The history of insulin therapy and insulin physiology


The year 2021 marks the centenary of the discovery of insulin. Just a century ago, the history of insulin therapy began, and this major event revolutionized the prognosis of diabetes. The development of insulin therapy now allows people with Type 1 diabetes to lead near-normal lives. In order to reduce the heavy mental burden of people with diabetes (especially Type 1), to allow them to spend less time managing their chronic disease and more time on what matters to them, the latest innovations even make it possible to automate and personalize the delivery of insulin.

Retrace the main discoveries and innovations that have marked the history of insulin therapy with us. 

Let’s start at the beginning and talk about… 

Insulin physiology

In people who do not have diabetes 

Insulin is secreted by the beta cells of the pancreas

All hormone-producing cells (or endocrine cells) are grouped together in islets of Langerhans, which represent 2% of the pancreatic mass. The islet β (beta) cells make insulin, which is initially produced as proinsulin. Depending on the need, proinsulin splits in two: 

  • C-peptide;
  • insulin.

It is released into the bloodstream and acts mainly on the liver, muscles and adipose tissue. 

In addition to β-cells, islets contain 3 other cell types: 

  • ⍺ (alpha) → glucagon
  • δ (omega) → somatostatin; 
  • PP → pancreatic polypeptide. 

In people without diabetes, the ingestion of food during a meal (especially carbohydrates) is accompanied by an increase in blood glucose levels (glycemia), which very quickly activates the secretion of insulin by the pancreatic islet β-cells. 

Once secreted, insulin carries blood glucose to the cells to produce energy, which will then cause a drop in blood glucose levels.

In the liver, insulin promotes the storage of glucose in the form of glycogen, and also helps to produce proteins in the muscles and store fat in the adipose tissue.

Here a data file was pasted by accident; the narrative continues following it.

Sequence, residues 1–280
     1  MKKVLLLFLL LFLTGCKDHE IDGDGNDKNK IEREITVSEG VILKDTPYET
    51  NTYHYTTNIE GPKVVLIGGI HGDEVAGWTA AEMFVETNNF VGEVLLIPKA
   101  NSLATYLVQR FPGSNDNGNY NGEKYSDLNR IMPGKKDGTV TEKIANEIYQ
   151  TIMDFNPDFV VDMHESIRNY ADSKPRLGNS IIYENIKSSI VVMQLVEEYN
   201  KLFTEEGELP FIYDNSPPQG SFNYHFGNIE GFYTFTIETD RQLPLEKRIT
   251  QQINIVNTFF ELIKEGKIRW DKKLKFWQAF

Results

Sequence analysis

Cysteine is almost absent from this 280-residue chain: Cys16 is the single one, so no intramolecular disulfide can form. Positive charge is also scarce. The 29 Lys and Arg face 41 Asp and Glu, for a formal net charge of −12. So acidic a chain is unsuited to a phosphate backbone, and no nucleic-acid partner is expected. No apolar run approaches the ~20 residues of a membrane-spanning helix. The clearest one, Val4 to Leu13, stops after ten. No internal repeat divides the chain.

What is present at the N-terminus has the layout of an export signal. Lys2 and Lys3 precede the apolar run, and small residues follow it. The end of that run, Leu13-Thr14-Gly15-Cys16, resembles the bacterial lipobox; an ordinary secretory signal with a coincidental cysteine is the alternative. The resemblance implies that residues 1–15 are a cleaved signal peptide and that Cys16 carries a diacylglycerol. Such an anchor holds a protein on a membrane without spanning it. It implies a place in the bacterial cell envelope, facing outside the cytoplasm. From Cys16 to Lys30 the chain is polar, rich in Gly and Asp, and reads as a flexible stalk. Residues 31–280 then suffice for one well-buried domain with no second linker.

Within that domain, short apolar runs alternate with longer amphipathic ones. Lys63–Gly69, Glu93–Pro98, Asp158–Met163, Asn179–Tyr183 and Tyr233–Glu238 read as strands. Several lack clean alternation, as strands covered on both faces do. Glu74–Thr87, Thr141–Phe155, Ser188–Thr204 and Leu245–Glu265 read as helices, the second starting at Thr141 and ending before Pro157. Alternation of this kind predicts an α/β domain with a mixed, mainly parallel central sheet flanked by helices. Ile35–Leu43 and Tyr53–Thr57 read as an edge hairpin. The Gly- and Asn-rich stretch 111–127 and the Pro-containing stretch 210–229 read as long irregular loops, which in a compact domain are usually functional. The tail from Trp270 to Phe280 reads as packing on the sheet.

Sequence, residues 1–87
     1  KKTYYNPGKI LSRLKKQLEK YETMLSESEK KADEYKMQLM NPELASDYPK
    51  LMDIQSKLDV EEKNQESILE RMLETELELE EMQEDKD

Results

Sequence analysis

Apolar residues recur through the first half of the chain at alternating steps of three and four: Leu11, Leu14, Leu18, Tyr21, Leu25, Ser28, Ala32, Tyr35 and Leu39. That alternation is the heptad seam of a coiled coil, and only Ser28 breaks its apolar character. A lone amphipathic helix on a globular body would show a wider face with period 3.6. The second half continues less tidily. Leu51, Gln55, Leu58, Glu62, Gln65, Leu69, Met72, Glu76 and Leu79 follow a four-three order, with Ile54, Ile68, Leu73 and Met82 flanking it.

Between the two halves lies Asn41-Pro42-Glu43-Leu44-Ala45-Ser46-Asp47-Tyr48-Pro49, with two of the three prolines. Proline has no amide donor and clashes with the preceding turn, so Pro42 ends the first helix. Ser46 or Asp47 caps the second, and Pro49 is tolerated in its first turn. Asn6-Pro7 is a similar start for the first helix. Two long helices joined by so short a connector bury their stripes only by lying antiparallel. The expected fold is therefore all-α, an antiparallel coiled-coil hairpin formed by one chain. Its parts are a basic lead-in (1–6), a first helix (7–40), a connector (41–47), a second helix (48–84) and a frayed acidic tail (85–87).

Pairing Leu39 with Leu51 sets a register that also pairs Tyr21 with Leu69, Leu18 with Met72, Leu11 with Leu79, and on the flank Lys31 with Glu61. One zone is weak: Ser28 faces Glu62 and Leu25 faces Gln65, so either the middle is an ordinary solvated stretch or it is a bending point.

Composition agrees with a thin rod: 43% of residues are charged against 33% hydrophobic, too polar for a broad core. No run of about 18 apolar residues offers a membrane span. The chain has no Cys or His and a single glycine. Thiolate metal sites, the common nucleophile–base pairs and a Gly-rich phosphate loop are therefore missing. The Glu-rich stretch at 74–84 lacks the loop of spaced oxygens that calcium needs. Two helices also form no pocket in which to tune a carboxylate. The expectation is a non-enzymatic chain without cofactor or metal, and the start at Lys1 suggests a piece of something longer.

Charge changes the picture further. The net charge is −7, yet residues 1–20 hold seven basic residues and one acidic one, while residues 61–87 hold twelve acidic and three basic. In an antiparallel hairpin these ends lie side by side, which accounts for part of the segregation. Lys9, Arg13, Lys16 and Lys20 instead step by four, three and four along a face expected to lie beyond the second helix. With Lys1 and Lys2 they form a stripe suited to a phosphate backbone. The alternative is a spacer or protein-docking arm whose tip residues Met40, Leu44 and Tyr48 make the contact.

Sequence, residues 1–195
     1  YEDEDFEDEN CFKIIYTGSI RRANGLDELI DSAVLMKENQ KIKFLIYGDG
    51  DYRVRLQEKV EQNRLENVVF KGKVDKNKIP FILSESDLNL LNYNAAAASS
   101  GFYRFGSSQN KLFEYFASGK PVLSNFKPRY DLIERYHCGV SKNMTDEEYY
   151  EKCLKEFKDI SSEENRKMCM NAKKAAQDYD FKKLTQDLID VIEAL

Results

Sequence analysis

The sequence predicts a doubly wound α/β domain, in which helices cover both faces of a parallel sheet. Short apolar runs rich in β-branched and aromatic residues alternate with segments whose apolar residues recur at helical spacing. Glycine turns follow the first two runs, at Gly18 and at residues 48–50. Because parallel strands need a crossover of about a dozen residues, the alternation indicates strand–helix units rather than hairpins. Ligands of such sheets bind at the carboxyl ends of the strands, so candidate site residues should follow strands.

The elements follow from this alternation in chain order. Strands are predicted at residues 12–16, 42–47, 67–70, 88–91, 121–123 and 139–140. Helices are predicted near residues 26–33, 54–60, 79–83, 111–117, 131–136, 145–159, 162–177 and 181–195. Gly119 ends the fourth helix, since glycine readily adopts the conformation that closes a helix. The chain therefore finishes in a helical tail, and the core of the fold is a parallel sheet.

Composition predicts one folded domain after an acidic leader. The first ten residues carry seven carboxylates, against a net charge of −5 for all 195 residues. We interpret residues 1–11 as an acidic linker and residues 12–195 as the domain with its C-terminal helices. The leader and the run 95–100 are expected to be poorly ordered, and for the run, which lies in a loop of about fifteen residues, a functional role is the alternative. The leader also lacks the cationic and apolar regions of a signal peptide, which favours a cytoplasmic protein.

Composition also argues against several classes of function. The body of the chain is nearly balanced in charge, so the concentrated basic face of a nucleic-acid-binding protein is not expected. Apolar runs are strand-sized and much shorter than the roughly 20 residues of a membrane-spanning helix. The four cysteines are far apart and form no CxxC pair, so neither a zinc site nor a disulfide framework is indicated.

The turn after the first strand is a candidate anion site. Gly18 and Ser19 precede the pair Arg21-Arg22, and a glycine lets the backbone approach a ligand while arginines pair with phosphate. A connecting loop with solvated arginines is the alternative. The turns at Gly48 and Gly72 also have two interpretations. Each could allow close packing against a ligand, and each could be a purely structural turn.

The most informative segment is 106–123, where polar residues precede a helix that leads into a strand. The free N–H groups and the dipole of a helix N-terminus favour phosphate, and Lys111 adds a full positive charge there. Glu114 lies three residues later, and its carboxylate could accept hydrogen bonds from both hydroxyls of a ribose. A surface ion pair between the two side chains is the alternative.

> Insulin is the only hormone in the body that has a hypoglycemic action (decreases the level of sugar in the blood)1.

> Insulin is, on average, the 6th most expensive liquid in the world, ahead of mercury or human blood, and costs more than 2,000 euros per liter2

Other hormones, called “hyperglycemic”, are involved in maintaining blood sugar levels, including glucagon, which is secreted by the islet ⍺-cells when blood sugar levels fall. 

By modulating the action of these hormones depending on the glycemic level, blood sugar levels can be maintained within the range of values considered normal.

While insulin is secreted in large quantities at mealtimes, it is also necessary for the body’s basic metabolism (basic functioning outside of meals).

In people living with diabetes 

For people with diabetes, the regulation of insulin secretion is disrupted. In Type 1 diabetes, there is no insulin secretion at all. In Type 2 diabetes, the initial phase of insulin secretion is altered so that the insulin secreted is not enough to bring the blood sugar level back to the desired values, and it remains high, especially after meals. 

If there is not enough insulin, or none at all, the body can no longer use its usual “fuel” (glucose), which means it can no longer enter the cells. 

Consequently, the body must use its reserve “fuels”: fats and proteins. For this, the adipose tissue mobilizes its reserves (triglycerides, fatty acids and glycerol), and the muscles break down their proteins (amino acids). The liver rapidly breaks down its glycogen reserves into glucose, and captures amino acids and glycerol, converting them into glucose. It also captures fatty acids, and transforms them into ketone bodies, which are released into the blood. The muscles no longer take up glucose, and elevated blood glucose levels develop (hyperglycemia). If the insulin deficiency is significant and long-lasting, not only will there be an increase in blood glucose levels, but ketones will also be present in the blood and glucose and ketones will appear in the urine. 

History of insulin therapy: a journey marked by major discoveries

The early days of synthetic insulin: an animal origin

The first insulins were extracted and purified from pig and cow pancreas. At that time, we spoke of “ordinary” insulin, administered in 3 or 4 injections per day, using glass syringes that needed to be sterilized, large needles, and a preparation that had to be kept refrigerated.

In the 1930s-50s, various processes made it possible to obtain “long-acting” forms of insulin, used in vials and with syringes. However, this insulin was imperfectly purified. The impurities were responsible for allergies or local reactions at the injection sites; there were also more frequent lipodystrophies and the production of anti-insulin antibodies, which led to lower insulin efficacy. 

In the 1970s, the removal of these impurities resulted in chromatographically “purified” animal insulins, called Monopic or Monocompounds. This is known as “highly purified insulin”.

Reproduction of human insulin through a chemical process 

The chemical structure of human insulin was described in 1955 by the biochemist F. Sanger.